Brown says she was a goody-two-shoes and a "book nerd" as a teenager in the 1960s, when she says she was abused by Tommy Gilmore, the youth and education minister at First Baptist Church in Farmers Branch, where her family worshipped. Brown was 16 at the time, legally a minor.

Brown said Gilmore convinced her that sexual intimacy with him was a sign of great faith, a blessing from God and something so special that it must be kept secret from her family, according to a lawsuit that Brown filed in 2005.

"Good Baptist girls are raised to be submissive," she said.

Later, when Brown confided in another minister at the church, the lawsuit says, Gilmore made her kneel in front of him for 30 minutes while he prayed to cleanse Satan from her and then forced Brown to tell his wife that their relationship was Brown's fault.

Reached by phone in Florida on Friday, Gilmore, who now works in real estate, said his lawyer had advised him not to comment.

For decades, Brown said, she didn't tell anyone else what had happened.

But in 2003, as Brown watched her daughter approach the age she was when the abuse started, she began to think of her painful past.

At the time, she was meeting her friend Elana Einhorn for weekly walks around Lady Bird Lake. The two met at the Texas Supreme Court in 1989 when Brown was a staff attorney and Einhorn was a law clerk. In 2004, Brown confided her secret.

Einhorn said she stopped dead in the middle of the trail while Brown spilled the details of her abuse and her plan to confront the church.

The two lawyers, almost reflexively, began analyzing the situation in legal terms: criminal statutes and civil lawsuits.

Brown said she approached national and state Baptist officials. She said officials there told her to talk to the church. Church leaders told her that it wasn't their problem because Gilmore no longer worked there. And the Southern Baptist Convention said it had no record that Gilmore was still in ministry.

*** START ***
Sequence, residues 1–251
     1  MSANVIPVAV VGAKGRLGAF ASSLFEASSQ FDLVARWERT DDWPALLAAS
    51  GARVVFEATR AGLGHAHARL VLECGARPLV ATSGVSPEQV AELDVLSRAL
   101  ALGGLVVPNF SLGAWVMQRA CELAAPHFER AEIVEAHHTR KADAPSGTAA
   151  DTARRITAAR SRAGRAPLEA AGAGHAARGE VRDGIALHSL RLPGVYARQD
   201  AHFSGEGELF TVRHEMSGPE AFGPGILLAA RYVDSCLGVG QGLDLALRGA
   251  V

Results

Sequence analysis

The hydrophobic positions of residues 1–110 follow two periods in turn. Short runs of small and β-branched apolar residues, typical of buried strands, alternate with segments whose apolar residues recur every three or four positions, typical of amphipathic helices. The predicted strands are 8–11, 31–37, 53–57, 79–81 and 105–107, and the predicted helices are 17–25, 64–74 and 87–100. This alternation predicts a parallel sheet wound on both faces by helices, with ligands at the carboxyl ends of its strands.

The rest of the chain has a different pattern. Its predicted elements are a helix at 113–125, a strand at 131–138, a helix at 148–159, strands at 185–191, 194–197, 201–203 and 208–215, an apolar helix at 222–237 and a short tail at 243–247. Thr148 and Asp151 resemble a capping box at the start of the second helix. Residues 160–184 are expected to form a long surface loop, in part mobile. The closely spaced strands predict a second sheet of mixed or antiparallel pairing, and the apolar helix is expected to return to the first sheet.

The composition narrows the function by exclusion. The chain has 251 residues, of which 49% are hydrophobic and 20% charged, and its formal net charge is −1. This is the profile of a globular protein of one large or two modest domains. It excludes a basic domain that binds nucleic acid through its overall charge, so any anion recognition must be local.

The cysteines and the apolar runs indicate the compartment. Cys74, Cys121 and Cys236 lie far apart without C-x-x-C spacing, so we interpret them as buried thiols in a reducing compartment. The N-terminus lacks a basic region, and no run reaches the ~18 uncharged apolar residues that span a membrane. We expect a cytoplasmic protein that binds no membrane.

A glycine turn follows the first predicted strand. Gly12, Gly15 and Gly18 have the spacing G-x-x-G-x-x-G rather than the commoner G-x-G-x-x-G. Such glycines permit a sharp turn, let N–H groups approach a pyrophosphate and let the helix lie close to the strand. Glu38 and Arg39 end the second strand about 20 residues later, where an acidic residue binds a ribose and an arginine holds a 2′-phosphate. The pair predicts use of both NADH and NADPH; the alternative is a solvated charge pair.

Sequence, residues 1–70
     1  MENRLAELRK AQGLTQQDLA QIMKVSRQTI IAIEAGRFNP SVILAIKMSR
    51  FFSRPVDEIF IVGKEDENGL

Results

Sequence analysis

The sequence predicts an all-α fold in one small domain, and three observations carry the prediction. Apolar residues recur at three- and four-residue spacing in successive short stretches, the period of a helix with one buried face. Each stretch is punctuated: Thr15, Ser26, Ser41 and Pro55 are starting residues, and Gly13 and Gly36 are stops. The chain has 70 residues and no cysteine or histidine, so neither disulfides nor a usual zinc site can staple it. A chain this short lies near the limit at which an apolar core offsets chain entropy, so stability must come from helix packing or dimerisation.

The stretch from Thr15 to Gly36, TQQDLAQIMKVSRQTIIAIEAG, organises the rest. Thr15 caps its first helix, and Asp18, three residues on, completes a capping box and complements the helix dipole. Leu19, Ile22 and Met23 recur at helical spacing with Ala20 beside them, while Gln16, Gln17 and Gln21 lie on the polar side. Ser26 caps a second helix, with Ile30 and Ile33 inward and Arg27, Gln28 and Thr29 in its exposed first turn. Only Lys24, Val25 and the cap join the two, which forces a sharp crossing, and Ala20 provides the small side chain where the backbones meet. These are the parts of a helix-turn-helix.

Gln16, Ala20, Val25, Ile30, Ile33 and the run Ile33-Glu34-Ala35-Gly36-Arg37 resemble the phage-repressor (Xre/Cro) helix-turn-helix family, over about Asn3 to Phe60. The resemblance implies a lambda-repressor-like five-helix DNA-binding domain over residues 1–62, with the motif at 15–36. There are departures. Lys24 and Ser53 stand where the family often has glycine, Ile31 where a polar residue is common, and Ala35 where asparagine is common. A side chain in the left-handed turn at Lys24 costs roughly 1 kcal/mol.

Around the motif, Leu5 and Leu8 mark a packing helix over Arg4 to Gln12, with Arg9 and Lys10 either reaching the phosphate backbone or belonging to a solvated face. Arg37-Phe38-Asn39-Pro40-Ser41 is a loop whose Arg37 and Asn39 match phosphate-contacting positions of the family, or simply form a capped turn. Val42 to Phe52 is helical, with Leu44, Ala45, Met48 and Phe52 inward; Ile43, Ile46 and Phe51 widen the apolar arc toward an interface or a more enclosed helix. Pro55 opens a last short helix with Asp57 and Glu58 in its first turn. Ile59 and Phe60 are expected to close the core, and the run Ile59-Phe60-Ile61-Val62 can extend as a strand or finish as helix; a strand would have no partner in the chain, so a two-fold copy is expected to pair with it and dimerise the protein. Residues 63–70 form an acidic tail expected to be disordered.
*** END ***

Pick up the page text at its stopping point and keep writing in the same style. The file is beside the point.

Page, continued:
Shortly thereafter, she heard from a lawyer who represented both the church and the state convention. In a letter, the lawyer suggested that Brown may have misremembered details and warned that if she pursued the matter, she could face legal recourse.

After searching in four states, Brown said she finally tracked Gilmore down in Florida. He was still in ministry.

In 2005, Brown filed separate lawsuits against Gilmore and First Baptist Church. She had previously filed a criminal complaint against Gilmore, but the statute of limitations had expired.

She eventually settled with the church, receiving an apology letter and a sum that she isn't allowed to disclose, but she said it didn't cover the cost of her therapy. Gilmore fought the civil lawsuit, and Brown said she eventually dropped it because of the stress and expense.

Brown said her main objective with the lawsuit was to confront a church environment that appeared to allow abuse.

"I realized that if (church leaders) had done this to me and had worked so hard to silence me that they had undoubtedly done this to countless others," Brown said. "If you silence the victims, the perpetrators stay in their pulpits, and kids are not safe. And that's the reality I could not live with and still can't."

Einhorn says other people who claim sexual abuse are lucky to have a woman like Brown on their side. "She would say, 'If I could save one more kid from being harmed by putting myself out there.'

"I would tell her, 'You've done enough; you can put it aside for a little while,' " Einhorn said. "And she can't yet."

Brown says she receives support from her husband and adult daughter and has the financial means to make advocacy for victims a full-time job. She knows that others in her position aren't so lucky.

"I have been so fortunate," Brown said. "I think that kind of grace carries obligation."

This article was found at: